Danny Espinosa takes a relaxed approach, plus other notes

Danny Espinosa (Photo by Jonathan Newton / The Washington Post)

Danny Espinosa (Jonathan Newton / The Washington Post)

Danny Espinosa snapped out an 0-for-10 start to his spring with a single up the middle off right-hander Julio Teheran in the first inning of Thursday’s 3-2 loss to the Atlanta Braves in Lake Buena Vista. Despite the lack of results, the Nationals and Espinosa have been pleased with how he has swung and the hard contact he has produced.

Espinosa was hit in the toe by a pitch in his next at-bat and, with the hit-and-run sign down in his final at-bat of the game, he lined out to left field facing Craig Kimbrel. He finished 1 for 2, and has only struck out once in 12 spring at-bats so far.

With the reinforcement of hitting coach Rick Schu, Espinosa said he has felt more relaxed this spring. Espinosa reminds himself constantly to relax at the plate and to trust his approach.

“In my head, just tell myself to trust myself and don’t try to go out and get a pitch,” Espinosa said. “Just trust it. Even if I’m facing Kimbrel or facing Teheran or something, just stay under control and trust it rather than trying to go and create. So that’s what I’m really trying to focus on and stay calm and trust it.”

Espinosa has been particularly pleased with his efforts so far to avoid pulling the ball. At least twice  in his at-bats this spring, he has lined out deep to left field on pitches away. In the past, he might have tried to pull the ball.

“I feel good,” he said. “I feel nice and easy. A balanced swing. Taking pitches balanced. I’m not lunging. I feel under control not because I’m swinging hard. I feel good. I feel really calm and balanced and under control without having to force of swing hard. I guess the overall feeling is that I feel under control.”

>>> Jordan Zimmermann made his second start of the spring, the first of the regular starters to start a second time, and looked solid again. He fired three scoreless innings, allowed two hits, walked one and struck out four. He threw 48 pitches, 30 for strikes. In the third inning, he was in a jam with runners on the corners, but escaped by striking out Freddie Freeman with a back-door slider.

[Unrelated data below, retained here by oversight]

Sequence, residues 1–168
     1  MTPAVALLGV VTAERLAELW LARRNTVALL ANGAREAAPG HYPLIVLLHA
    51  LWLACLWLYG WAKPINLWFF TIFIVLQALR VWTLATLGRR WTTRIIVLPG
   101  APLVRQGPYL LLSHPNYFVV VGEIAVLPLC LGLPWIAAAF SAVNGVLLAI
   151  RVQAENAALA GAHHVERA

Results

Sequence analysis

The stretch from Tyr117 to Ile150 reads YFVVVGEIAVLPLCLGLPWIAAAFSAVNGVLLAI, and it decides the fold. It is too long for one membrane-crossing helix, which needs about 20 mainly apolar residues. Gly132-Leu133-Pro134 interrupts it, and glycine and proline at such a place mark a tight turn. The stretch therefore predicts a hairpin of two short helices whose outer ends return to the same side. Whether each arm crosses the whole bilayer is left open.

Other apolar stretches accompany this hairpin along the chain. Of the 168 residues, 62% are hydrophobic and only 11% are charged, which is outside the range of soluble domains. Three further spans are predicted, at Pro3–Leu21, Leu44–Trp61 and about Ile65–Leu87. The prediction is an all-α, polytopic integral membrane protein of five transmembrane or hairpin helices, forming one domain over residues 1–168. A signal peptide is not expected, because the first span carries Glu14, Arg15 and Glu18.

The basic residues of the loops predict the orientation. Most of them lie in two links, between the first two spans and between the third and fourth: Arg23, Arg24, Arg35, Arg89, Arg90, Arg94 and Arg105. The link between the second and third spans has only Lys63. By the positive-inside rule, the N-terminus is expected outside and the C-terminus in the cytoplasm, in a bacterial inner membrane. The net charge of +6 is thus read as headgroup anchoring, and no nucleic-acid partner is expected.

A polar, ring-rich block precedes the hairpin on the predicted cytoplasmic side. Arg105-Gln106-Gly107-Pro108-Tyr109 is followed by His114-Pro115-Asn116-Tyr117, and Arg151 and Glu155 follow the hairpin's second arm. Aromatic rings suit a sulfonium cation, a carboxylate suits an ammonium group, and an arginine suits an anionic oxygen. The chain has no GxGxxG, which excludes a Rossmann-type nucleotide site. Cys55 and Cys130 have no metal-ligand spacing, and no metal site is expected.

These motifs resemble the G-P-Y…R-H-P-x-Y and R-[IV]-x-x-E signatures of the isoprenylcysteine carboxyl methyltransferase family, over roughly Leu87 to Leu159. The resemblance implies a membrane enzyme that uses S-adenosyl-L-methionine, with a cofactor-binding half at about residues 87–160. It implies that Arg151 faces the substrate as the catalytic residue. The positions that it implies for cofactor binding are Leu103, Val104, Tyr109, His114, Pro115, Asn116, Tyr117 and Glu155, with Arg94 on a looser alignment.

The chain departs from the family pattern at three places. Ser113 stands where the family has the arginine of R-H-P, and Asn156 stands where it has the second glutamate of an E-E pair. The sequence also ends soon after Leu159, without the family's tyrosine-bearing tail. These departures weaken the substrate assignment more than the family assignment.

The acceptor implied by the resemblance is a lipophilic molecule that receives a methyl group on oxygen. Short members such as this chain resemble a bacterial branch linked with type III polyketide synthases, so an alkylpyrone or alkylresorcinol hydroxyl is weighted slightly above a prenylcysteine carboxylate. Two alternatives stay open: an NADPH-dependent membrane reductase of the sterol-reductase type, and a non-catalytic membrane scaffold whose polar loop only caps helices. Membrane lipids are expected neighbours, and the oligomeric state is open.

“The big thing is just throw more pitches and build arm strength up,” he said. “That’s what we got out of [Thursday]. Threw a lot of good change-ups, which is good. Fastball command was good all night. Got a few strikeouts on the fastball, which is definitely good. I was locating with most of the pitches, all the change-ups were down, which was good. Overall, it was a good start.”

Zimmermann threw all of his arsenal of pitches this time — curveballs and sliders — but tried to avoid showing too many to a frequent opponent. He threw seven change-ups and has noticed an improvement so far in the pitch. His change-up developed into an effective pitch last season against left-handers, even though he threw it only five percent of the time. He holds to improve it more now.

“Last year, I wasn’t staying back as much as I needed to,” he said. “I was falling forward and trying to throw it and my arm was dragging and that’s why the change-up was always high. This year, I’m sitting back on my back leg a little bit more and letting my arm do all the work. So far, it’s been pretty good.”

>>> Ross Ohlendorf came on in the sixth inning for his first appearance of spring after being delayed with discomfort in his side and then a laceration on his finger. The right-hander faced four batters, retired none and left for the clubhouse with a trainer at his side. Manager Matt Williams said Ohlendorf is dealing with lower back spasms and was “pretty locked up.”

Ohlendorf will be reevaluated in the morning, but the repeated delays to his throwing this spring are affecting his ability to compete for a spot on the Nationals roster, likely in the bullpen as a long reliever.

>>> Williams said the Zach Walters is doing better from the flu and participated in workouts on Thursday morning but was held out of the day’s game. Jeff Kobernus, who had also dealt with the flu, played on Thursday night after sitting out a few days.

>>> In the third inning, while Zimmermann was facing Jason Heyward, Jose Lobaton tried to pick off Matt Lipka at first base. While appearing to throw the ball back on one knee to Zimmermann, Lobaton fired a throw to Tyler Moore. No one, from Lipka to Moore, was expecting the throw. Lipka made it to third base on the error, which was charged to Moore.

“I think Jose picked everyone in the ballpark off with that one,” Williams said. “Not knowing him, coming over [from Tampa Bay], he surprised everybody. He surprised the runner, he surprised Tyler, he surprised everybody, the right fielder. It’s a nice weapon to have. Those things happen in spring sometimes where he sees something and you’re not used to him as much. It’s a pretty good pickoff move. We’re just not used to that one.”

>>> Blake Treinen looked better in his third appearance, allowing no runs over two innings despite allowing three hits and a walk. Treinen struck out Justin Upton with a 96 mph fastball in the fifth inning.

“The ball sinks a lot for being that hard. I was impressed,” Williams said. “I was impressed with his command and how he went about it.”

>>> The Nationals made four errors on Thursday, most with the substitutes in the game.

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